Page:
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As part of President Obama’s all-of-the-above energy strategy to reduce U.S. reliance on foreign oil, the U.S. Department of Energy (DOE) recently announced up to $2.5 million available this year to demonstrate and deploy fuel cell electric vehicles for transporting passenger baggage at major U.S. airports. The projects selected for funding will demonstrate first-generation, fuel-cell-powered baggage towing tractors under real-world operating conditions, and collect and analyze data to test their performance and cost effectiveness. This funding, reportedly part of the DOE’s commitment to U.S. leadership in advanced fuel cell research and development, will help industry bring advanced fuel cell technologies into emerging markets and provide airlines and airports with new choices for ground support operations that cut energy costs, air pollution, and petroleum use.
Although the majority of DOE fuel cell funding is for research and development, the department has previously supported other early market applications, such as fuel cell forklifts and backup power for telecommunications. After the DOE catalyzed these early fuel cell applications, private financing has been used to deploy thousands of forklifts and backup power devices. In addition, support for these early markets provides near-term manufacturing opportunities and experience that can be leveraged to inform more mainstream applications, such as light-duty vehicles, which can significantly reduce petroleum use.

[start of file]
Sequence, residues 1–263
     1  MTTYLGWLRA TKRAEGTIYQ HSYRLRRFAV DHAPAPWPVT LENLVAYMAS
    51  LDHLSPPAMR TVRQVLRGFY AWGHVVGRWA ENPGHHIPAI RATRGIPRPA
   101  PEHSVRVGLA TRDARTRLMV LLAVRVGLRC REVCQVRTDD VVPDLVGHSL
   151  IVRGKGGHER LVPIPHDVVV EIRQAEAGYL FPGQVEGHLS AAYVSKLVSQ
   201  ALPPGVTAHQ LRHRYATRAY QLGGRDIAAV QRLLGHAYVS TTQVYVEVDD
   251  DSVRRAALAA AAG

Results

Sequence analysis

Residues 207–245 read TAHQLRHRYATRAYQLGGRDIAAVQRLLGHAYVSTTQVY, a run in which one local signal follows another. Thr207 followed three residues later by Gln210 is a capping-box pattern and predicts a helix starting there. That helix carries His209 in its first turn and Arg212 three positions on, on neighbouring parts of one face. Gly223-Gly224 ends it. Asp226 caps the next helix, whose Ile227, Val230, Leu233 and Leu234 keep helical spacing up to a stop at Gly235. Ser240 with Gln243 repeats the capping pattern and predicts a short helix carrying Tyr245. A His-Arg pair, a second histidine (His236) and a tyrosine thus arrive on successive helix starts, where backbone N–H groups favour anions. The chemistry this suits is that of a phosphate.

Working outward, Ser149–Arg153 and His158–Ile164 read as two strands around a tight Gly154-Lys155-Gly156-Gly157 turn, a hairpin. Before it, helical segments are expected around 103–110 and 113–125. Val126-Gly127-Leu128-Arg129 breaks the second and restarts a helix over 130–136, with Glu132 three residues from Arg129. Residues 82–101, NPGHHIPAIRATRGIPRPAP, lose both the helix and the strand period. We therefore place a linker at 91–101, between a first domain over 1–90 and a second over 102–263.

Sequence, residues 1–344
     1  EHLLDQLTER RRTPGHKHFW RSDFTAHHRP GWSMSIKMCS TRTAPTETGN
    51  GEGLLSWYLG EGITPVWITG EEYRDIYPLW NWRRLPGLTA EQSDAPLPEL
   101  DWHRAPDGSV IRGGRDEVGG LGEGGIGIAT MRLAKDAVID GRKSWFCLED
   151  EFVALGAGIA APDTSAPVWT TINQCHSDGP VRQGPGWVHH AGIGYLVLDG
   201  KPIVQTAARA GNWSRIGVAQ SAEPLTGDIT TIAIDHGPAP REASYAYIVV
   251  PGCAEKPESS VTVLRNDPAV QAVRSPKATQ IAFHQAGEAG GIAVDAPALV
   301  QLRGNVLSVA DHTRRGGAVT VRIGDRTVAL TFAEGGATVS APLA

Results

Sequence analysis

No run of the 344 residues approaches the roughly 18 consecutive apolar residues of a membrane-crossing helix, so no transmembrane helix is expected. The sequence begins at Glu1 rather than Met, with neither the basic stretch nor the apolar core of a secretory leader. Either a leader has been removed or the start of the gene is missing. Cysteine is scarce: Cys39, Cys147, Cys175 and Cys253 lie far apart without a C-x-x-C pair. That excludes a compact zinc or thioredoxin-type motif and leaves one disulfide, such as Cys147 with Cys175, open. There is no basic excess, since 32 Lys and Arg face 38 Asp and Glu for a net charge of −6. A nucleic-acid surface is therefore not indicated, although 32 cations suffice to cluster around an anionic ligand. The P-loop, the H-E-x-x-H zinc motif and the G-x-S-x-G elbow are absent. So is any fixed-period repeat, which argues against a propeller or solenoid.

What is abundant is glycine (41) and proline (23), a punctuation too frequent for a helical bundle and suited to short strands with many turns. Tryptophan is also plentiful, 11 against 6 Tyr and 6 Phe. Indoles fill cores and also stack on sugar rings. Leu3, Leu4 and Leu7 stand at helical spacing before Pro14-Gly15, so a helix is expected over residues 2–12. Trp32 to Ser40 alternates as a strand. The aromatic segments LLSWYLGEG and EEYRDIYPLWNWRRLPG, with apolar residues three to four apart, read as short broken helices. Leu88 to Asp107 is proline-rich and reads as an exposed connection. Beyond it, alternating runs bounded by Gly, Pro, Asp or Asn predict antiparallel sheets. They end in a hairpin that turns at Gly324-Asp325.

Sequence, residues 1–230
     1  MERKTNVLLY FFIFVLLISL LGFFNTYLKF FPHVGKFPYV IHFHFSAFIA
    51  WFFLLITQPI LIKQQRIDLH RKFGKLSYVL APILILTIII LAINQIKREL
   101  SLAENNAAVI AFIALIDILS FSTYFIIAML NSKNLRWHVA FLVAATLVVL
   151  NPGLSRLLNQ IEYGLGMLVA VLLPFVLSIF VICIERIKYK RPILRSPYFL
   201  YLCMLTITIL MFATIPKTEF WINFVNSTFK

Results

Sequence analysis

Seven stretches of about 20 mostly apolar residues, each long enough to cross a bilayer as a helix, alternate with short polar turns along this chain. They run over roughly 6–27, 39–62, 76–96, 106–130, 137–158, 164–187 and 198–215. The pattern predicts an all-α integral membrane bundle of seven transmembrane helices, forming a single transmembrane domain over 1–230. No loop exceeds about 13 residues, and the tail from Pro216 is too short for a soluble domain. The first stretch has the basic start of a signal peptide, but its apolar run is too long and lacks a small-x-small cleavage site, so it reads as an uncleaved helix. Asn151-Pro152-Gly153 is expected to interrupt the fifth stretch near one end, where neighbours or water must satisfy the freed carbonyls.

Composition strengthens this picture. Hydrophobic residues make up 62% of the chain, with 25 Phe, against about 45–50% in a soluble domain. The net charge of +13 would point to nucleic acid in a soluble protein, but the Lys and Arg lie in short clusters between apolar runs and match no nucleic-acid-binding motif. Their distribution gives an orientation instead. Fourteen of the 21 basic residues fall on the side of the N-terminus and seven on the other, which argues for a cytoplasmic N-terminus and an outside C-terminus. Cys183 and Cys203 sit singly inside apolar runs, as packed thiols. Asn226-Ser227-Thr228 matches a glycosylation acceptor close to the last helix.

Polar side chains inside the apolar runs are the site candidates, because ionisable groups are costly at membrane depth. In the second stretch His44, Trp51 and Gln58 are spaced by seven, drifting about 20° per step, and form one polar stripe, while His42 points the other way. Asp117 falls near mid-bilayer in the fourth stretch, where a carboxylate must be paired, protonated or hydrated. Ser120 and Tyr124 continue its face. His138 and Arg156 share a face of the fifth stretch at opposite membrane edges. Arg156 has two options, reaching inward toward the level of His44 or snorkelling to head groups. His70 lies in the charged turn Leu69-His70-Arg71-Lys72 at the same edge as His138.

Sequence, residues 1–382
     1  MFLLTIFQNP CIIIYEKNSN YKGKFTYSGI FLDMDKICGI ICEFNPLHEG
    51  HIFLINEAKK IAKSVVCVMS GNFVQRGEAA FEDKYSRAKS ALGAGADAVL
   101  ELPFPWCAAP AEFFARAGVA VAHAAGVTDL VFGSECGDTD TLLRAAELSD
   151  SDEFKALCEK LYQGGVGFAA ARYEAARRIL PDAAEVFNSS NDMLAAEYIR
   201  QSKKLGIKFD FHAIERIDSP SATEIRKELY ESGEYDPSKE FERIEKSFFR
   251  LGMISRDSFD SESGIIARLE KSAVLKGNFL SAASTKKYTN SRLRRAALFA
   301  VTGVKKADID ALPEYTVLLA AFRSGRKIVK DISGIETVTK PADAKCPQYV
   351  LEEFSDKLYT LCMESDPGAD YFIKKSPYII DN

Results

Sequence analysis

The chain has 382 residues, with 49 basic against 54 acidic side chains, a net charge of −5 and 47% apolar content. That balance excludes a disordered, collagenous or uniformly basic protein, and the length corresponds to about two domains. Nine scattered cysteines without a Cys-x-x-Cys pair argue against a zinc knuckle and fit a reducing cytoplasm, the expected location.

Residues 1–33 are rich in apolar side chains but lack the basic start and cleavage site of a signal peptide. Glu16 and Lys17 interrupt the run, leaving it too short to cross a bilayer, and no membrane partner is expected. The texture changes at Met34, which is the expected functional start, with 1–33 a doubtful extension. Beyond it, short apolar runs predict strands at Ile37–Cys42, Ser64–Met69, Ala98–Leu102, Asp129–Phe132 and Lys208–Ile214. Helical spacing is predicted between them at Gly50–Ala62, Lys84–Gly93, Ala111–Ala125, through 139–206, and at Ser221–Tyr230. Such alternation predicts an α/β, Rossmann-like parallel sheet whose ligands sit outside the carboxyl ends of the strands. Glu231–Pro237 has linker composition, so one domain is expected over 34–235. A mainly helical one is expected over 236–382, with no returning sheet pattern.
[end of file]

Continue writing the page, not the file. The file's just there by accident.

The DOE seeks applicants to demonstrate and test the performance and economic viability of advanced fuel cell systems for up to three years. The 50% cost-shared projects will supply information on fuel cell system operation and data on the economics of these vehicles to the Hydrogen Secure Data Center at the department’s National Renewable Energy Laboratory (NREL) for analysis and comparison. Data will be collected from actual airport operations so that engineers and economic analysts can assess the technology’s performance, durability, and cost effectiveness under the real-world conditions of commercial airports. Conclusions will be drawn from the data to evaluate the commercial viability of this fuel cell application, and the data will be shared with fuel cell manufacturers, helping to improve their designs and optimize overall performance and costs.
For additional information, visit https://eere-exchange.energy.gov/default.aspx#b354ca47-7a0c-44b0-b23e-7199c9074aef.